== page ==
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Old 05-10-06, 10:24 AM   #1
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Bikes: A very old, very crap mtb that I rarely use, and an even older but lot more stylish oldschool absolutely not practical girly pink thing I call Klara with the adventage that noone tries to steal it, so I can park it anywhere in the city...
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getting the first roadbike fever!


I am getting my first roadbike style bycicle. All excited about it, and as my budget is cut short it'll be defintely some vintage. Probably rather old. So now I am researching a bit what to pay attention to.
I've figured already the approximate size with the help of some online calculator.

My question is now about brakes. What kind to avoid, what to search for...
Any ideas?

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Old 05-10-06, 08:38 PM   #2
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Assuming you're looking at vintage, possibly hitting the local second-hand/recycle bike shop to keep the cost down, I'll drop two words on you: Weinmann centerpulls.

I'd always considered them the best centerpull brake 30 years ago, and when I started putting together a parts drawer for possible projects, I picked up about four pairs of Weinmann calipers, spent an evening pulling them down and going over the alloy with metal polish, and now I've got a container of clean, new-looking brake calipers just waiting for the next project. They're strong, well-built, stop very well once you've dropped by the LBS and picked up a new set of pads, oh, did I mention they're extremely common be they branded Weinmann/Dia-Compe/Schwinn/Raleigh or whatever which means they're incredibly cheap while still being a quality product.

Don't want to mess with something as old as centerpulls? Go Shimano or Dia-Compe top end sidepulls from the 70's. Here again, damn good quality for not much money.

Mafac brakes are good, have to be set up right to really work well, noisy, and will cost you a fair bit more (they're not as common) for no appreciable advantage.

Universals, er, I never was too impressed with them.

Campagnolo sidepulls are the best, but there's this little matter of cost . . . . . . Zeus were good, assuming you can find them. Ditto Favorit (they were Czechoslovakian ripoffs of Campy), but once again we're talking hard to find.

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Old 05-11-06, 04:04 PM   #3
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I second the Weinmanns with new pads. I would add that new cables are cheap, and can make a world of difference if the old ones are shot.
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Old 05-11-06, 06:21 PM   #4
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I like Weinmann centerpulls, and both of my Capos have the original calipers, with new cables and KoolStop pads.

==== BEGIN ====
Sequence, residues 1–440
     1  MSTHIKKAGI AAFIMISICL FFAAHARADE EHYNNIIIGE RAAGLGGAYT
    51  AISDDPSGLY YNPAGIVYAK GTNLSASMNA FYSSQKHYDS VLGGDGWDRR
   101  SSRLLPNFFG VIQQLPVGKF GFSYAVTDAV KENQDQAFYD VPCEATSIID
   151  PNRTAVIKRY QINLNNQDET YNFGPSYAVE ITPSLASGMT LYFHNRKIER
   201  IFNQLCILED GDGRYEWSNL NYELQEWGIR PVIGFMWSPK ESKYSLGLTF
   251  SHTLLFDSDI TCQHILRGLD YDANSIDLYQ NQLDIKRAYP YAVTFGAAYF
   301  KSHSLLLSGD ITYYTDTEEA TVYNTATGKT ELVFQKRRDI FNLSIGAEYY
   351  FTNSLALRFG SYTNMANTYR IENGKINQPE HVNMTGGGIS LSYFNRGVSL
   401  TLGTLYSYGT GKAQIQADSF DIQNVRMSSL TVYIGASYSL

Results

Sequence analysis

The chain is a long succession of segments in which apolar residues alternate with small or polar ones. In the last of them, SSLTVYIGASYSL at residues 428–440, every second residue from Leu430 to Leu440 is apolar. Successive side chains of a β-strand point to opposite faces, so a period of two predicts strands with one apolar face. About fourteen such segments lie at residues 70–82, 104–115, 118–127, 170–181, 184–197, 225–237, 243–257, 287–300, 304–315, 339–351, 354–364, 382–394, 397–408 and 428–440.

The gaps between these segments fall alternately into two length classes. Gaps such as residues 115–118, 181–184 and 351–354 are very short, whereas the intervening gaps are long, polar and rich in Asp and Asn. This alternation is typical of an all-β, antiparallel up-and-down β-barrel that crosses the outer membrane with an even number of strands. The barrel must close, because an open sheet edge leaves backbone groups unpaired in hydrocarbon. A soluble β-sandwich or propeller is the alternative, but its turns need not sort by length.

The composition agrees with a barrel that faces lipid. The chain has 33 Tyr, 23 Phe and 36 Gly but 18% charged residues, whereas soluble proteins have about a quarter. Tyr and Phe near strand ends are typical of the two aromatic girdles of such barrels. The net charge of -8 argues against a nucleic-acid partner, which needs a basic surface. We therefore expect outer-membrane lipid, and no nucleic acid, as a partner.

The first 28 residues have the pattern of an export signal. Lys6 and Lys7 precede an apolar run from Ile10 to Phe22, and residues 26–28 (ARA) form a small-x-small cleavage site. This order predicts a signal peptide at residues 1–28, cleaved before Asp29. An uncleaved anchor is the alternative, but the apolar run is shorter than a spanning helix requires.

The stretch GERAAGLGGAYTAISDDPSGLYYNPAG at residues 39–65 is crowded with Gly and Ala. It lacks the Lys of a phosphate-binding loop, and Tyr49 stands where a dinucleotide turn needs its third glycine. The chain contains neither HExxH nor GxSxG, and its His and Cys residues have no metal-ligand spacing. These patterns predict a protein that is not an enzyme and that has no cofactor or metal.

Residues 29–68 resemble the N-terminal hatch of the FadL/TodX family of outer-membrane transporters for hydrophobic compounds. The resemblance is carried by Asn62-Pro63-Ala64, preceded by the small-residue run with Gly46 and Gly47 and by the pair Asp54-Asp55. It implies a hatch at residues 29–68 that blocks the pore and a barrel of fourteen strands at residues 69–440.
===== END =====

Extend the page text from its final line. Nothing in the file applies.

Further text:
I disagree on the Campag. sidepulls. The set on my Bianchi look fabulous, but they provide only marginally adequate stopping power, even with good cables and pads. The Gallis on my PKN-10 are noticeably more effective.
"Far and away the best prize that life offers is the chance to work hard at work worth doing." --Theodore Roosevelt
Capo: 1959 Modell Campagnolo, S/N 40324
Capo: 1960 Sieger, S/N 42624
Peugeot: 1970 UO-8, S/N 0010468
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Old 05-11-06, 08:59 PM   #5
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I've never been a fan of centerpull breaks because the pull on the straddle cable introduces more slop than I like. However, I found these Weinmanns on eBay and have them on my commuter:

With Kool Stop salmons, the stopping power is terrific. I have no idea of their vintage but probably 80s or later as the front was set up for a recessed nut.

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Old 05-11-06, 09:25 PM   #6
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A quick way to spot a good vintage frame is to look for rear axle adjuster screws. This is not foolproof but they are definitely not found on entry level/low quality frames. nlerner, I have a mid 80s Motobecane Grand Tour touring bike with that brakeset & also testify to their stopping power. Yours is only the 2nd set I have ever seen & my LBS which really knows vintage stuff had never seen their like either! A Motobecane could provide a pretty good ride for the OP especially if he could find one with a set of these brakes, if not my 2nd choice would be the Weinmann or Dia Compe centerpull. Moto's are usually pretty cheap given the other baggage of French bikes. Don
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